En Español

Q. Who is Mr. Smarty Plants?

A: There are those who suspect Wildflower Center volunteers are the culpable and capable culprits. Yet, others think staff members play some, albeit small, role. You can torture us with your plant questions, but we will never reveal the Green Guru's secret identity.

Help us grow by giving to the Plant Database Fund or by becoming a member

Did you know you can access the Native Plant Information Network with your web-enabled smartphone?


Ask Mr. Smarty Plants

Ask Mr. Smarty Plants is a free service provided by the staff and volunteers at the Lady Bird Johnson Wildflower Center.

Search Smarty Plants
See a list of all Smarty Plants questions

Please forgive us, but Mr. Smarty Plants has been overwhelmed by a flood of mail and must take a break for awhile to catch up. We hope to be accepting new questions again soon. Thank you!

Need help with plant identification, visit the plant identification page.

rate this answer
1 rating

Thursday - July 01, 2010

From: Springfield, IL
Region: Midwest
Topic: Compost and Mulch, Soils
Title: What is composted mulch from Springfield IL
Answered by: Barbara Medford


I love the look of hard wood mulch. It is my understanding that this wood mulch that is so readily available in bulk and bags is not "composted mulch". I have been told that this type of mulch pulls iron away from my plants causing them to look yellow. What exactly is composted mulch? Is there such a thing as composted wood mulch? I want the look that wood mulch adds to my trees and perennial beds. Thank you for your time.


We agree, the look of shredded hardwood mulch is very attractive. It is of greatest benefit in that it protects the roots of your plants from heat and cold. When you put it into your garden, it will begin to decompose "in place" and become an enriching amendment to the soil. This is why you usually need to replenish mulch about once a year or so.

We can remember some discussion a few years ago about mulches pulling nutrients from the soil, but I think that was referring to chipped wood from tree trimmers. It is slow to decompose and does need some help from the material in the soil. We have personally nurtured a compost pile of mostly fallen oak leaves, of which we had a lot, adding water and cottonseed meal for nitrogen and stirring the pile for oxidation. It took at least a year to achieve the level of composting we liked, but we certainly used it as mulch. If you don't have the room or the inclination for a compost pile, you would be better to use the composted mulch you can purchase. However, we have also put 2 to 3 inches of commercial shredded hardwood bark on gardens with good soil and not felt any need to supplement the nutrients.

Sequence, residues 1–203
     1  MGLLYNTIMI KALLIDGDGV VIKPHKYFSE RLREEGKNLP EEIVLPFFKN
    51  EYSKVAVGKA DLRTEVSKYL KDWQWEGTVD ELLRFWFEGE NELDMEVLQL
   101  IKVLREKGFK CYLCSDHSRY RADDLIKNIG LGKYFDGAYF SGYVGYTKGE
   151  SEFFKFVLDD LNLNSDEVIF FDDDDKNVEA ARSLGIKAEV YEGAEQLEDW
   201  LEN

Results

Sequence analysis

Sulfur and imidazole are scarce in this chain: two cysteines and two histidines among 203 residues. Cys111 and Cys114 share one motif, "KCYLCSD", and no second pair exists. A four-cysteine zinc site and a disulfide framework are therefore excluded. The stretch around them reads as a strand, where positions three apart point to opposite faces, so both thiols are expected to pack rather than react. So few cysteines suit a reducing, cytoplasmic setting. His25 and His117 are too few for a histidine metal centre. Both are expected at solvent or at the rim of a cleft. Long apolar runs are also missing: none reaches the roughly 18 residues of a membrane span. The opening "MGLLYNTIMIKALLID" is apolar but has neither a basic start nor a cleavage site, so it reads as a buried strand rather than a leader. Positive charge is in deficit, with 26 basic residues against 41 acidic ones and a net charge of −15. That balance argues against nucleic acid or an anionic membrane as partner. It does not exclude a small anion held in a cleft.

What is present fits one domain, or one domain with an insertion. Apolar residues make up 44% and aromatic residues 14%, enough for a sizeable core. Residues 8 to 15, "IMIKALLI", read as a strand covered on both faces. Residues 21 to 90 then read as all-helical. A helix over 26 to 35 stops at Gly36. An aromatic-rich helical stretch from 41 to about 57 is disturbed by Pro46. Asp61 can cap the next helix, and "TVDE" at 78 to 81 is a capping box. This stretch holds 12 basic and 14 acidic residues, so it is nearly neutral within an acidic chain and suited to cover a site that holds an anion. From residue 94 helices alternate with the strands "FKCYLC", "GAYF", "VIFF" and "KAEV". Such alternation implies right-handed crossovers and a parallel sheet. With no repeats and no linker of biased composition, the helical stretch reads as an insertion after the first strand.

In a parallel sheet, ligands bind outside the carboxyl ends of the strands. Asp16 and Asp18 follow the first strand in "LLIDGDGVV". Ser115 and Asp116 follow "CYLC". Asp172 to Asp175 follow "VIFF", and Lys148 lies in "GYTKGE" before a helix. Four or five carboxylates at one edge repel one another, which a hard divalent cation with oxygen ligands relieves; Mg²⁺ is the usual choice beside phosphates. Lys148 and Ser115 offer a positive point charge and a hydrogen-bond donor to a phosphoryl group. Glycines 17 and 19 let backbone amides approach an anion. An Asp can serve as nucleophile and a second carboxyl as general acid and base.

This is one of those things that is as much personal taste in gardening as anything else. Read these two articles and form your own opinion. 

Agresource Using Compost as Mulch to Increase Soil Nutrient Level, Microbacterial Activity and Plant Growth. 

Bear Path Farm Compost as Mulch


More Soils Questions

Blooms on Desert Willow withering quickly in Rockwall TX
July 15, 2010 - Why do the blooms on my Desert Willow dry up and wither away in one or two days?
view the full question and answer

Seeding the banks of a large pond
October 18, 2011 - I have a 2 acre surface pond that is mostly a hard clay bank all around. The water level is way down and I will begin filling it very soon. I need to somehow being affordable, plant something or thing...
view the full question and answer

Stress on Goldenball leadtrees from Austin
June 07, 2014 - I know of two separate instances where young Goldenball Lead Trees (leucena retusa) have shown symptoms of defoliation and a bleeding of white sap from sores that have developed on the bark. The first...
view the full question and answer

Growing rabitteye blueberries in Phenix City AL
January 18, 2013 - What type soil is needed to grow rabbiteye blueberries?
view the full question and answer

Failure of highbush blueberry plant to produce in New Hampshire
July 25, 2008 - One of my highbush blueberry plants completely stopped producing. What can I do to revive it?
view the full question and answer

Support the Wildflower Center by Donating Online or Becoming a Member today.
© 2016 Lady Bird Johnson Wildflower Center